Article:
WWW.1879ZULUWAR.COM

Film Zulu Dawn:Corporal Storey: Oh no! Come all this bloody way to get shot by a bullet from Birmingham? Shoot straight you bastards!
 
HomeHome  CalendarCalendar  GalleryGallery  PublicationsPublications  FAQFAQ  SearchSearch  RegisterRegister  Log inLog in  
Latest topics
» Pte. G. Nutt 1st Btn 13th (Somerset) Light Infantry
Yesterday at 7:39 pm by ADMIN

» Pte. G. Manuel 58th (Rutlandshire) Regiment
Yesterday at 7:37 pm by ADMIN

» 1362 Pte Frederick Hitch VC.
Yesterday at 7:27 pm by ADMIN

» Rorkes Drift Zulu Indunas
Yesterday at 7:02 pm by SRB1965

» Pte. F. Fitzpatrick 94th Regiment.
Yesterday at 6:36 pm by ADMIN

» Pte. B. Coates 94th Regiment
Yesterday at 6:16 pm by ADMIN

» Pte. A. Tarrant 2nd Btn 3rd (East Kent) Regiment 'The Buffs)
Yesterday at 6:14 pm by ADMIN

» Pte. A. Kingston 2nd Btn 3rd (East Kent) Regiment ('The Buffs'),
Yesterday at 6:11 pm by ADMIN

» 1373 Pte Alfred Henry Hook VC.
Yesterday at 6:09 pm by ADMIN

» Pte. A. Atkins 2nd Btn 24th (2nd Warwickshire) Regiment
Yesterday at 5:59 pm by ADMIN

» Midshipman Cadwallader Coker.
Yesterday at 5:49 pm by ADMIN

» Midshipman H. Radford HMS Active
Yesterday at 5:47 pm by ADMIN

» Memorials & Locations 3
Yesterday at 5:31 pm by ADMIN

» Memorials & Locations 2
Yesterday at 4:47 pm by ADMIN

» Memorials & Locations
Yesterday at 4:10 pm by ADMIN

Commander Crawford Caffin, R.N
H.M.S. Natal, aboard which the prisoner Cetshwayo was transported from Port Natal to Capetown. Caffin had joint charge of the King with Captain Ruscombe Poole, R.A. (Isandula Collection)
BBC Timewatch - Zulu: The True Story
Search
 
 

Display results as :
 
Rechercher Advanced Search
Top posters
90th
 
littlehand
 
Frank Allewell
 
ADMIN
 
Chelmsfordthescapegoat
 
John
 
Mr M. Cooper
 
1879graves
 
impi
 
rusteze
 
Fair Use Notice
Fair use notice. This website may contain copyrighted material the use of which has not been specifically authorised by the copyright owner. We are making such material and images are available in our efforts to advance the understanding of the “Anglo Zulu War of 1879. For educational & recreational purposes. We believe this constitutes a 'fair use' of any such copyrighted material, as provided for in UK copyright law. The information is purely for educational and research purposes only. No profit is made from any part of this website. If you hold the copyright on any material on the site, or material refers to you, and you would like it to be removed, please let us know and we will work with you to reach a resolution.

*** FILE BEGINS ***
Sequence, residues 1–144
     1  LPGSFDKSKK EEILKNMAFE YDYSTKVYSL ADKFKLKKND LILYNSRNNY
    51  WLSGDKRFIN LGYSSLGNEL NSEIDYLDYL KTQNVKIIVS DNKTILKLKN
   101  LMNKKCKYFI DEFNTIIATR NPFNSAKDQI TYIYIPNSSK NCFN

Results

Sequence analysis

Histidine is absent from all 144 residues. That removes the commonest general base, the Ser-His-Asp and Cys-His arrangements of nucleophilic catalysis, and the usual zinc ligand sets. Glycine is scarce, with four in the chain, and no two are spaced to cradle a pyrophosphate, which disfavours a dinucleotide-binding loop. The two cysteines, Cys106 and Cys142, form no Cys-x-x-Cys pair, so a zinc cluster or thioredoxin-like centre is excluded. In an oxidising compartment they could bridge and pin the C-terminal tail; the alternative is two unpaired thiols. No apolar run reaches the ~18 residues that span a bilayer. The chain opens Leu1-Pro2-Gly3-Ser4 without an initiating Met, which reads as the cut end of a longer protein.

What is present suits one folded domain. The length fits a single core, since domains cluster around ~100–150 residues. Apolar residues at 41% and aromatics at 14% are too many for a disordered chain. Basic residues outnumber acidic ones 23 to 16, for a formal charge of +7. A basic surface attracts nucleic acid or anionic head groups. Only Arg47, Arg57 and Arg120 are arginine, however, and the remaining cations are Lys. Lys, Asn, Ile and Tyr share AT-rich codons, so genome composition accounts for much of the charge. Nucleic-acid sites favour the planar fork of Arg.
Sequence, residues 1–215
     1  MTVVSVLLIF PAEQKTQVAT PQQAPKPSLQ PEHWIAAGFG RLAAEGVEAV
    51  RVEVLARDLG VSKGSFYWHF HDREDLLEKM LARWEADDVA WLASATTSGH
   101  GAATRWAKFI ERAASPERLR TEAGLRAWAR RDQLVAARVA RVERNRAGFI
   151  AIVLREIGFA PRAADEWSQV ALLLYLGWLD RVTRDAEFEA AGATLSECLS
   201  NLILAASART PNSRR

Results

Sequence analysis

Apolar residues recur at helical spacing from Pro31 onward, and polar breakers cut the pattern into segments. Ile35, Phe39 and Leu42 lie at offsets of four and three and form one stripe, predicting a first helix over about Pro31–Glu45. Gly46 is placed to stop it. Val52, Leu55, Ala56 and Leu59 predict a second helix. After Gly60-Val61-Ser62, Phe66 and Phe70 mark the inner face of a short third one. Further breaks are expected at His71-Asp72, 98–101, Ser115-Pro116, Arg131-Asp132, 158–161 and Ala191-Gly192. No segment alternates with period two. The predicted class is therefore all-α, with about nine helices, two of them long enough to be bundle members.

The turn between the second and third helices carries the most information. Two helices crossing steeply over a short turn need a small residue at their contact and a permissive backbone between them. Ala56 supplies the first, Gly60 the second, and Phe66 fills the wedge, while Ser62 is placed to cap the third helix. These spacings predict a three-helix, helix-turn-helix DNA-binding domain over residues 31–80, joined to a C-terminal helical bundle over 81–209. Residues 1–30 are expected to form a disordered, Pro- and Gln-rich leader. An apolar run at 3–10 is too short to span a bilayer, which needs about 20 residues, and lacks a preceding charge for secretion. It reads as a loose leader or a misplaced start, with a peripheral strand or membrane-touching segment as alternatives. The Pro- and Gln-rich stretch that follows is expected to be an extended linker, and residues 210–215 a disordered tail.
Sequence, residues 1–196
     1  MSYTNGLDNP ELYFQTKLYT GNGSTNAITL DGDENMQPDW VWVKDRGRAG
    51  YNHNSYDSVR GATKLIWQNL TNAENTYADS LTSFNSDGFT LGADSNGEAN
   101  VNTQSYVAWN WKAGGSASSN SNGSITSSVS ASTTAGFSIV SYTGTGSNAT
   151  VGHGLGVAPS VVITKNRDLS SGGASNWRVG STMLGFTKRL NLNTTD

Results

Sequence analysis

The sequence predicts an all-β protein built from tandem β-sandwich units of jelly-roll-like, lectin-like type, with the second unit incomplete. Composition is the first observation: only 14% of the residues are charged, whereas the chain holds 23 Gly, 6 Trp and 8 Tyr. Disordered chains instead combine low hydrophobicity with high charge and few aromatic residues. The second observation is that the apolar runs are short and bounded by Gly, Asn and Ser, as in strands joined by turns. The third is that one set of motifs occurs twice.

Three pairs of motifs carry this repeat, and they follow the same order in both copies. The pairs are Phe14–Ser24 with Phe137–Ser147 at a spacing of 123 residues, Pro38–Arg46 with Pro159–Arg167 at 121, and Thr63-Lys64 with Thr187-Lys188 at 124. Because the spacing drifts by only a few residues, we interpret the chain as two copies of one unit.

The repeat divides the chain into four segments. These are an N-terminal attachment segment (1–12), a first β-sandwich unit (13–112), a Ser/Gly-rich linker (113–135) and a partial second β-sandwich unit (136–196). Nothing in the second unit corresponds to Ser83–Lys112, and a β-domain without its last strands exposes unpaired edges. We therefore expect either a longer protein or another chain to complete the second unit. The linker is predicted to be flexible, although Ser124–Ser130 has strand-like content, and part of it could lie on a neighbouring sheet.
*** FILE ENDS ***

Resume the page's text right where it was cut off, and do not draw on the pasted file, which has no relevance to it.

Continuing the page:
Top posting users this month
ADMIN
 
Drummer Boy 14
 
Frank Allewell
 
rusteze
 
90th
 
SRB1965
 
Julian Whybra
 
ymob
 
1879graves
 
xhosa2000
 
Most active topics
Isandlwana, Last Stands
Pte David Jenkins. 'Forgotten' Survivor of Rorke's Drift Returned to Official Records
Durnford was he capable.5
Durnford was he capable.1
Durnford was he capable. 3
Durnford was he capable.2
Durnford was he capable. 4
The ammunition question
Pte David Jenkins. 'Forgotten' Survivor of Rorke's Drift Returned to Official Records
The missing five hours.

Share | 
 

 telescopic sights

View previous topic View next topic Go down 
AuthorMessage
Mr Greaves

avatar

Posts : 746
Join date : 2009-10-18

PostSubject: telescopic sights   Tue Mar 09, 2010 8:43 pm

The first experiments directed to give shooters optical aiming aids go back to the early 17th century. For centuries different optical aiming aids and primitive predecessors of telescopic sights were created that had practical or performance limitations. Are there any accounts of these type of sights being used by any of the forces during the Zulu War.
Back to top Go down
littlehand

avatar

Posts : 7041
Join date : 2009-04-24
Age : 49
Location : Down South.

PostSubject: Re: telescopic sights   Tue Mar 09, 2010 9:02 pm

Mr G. can’t find anything of scopes being used during the Zulu War, but came across this. It’s some sort of periscope, There seems to be a rifle attached not really sure what’s going on and what supposed to happen.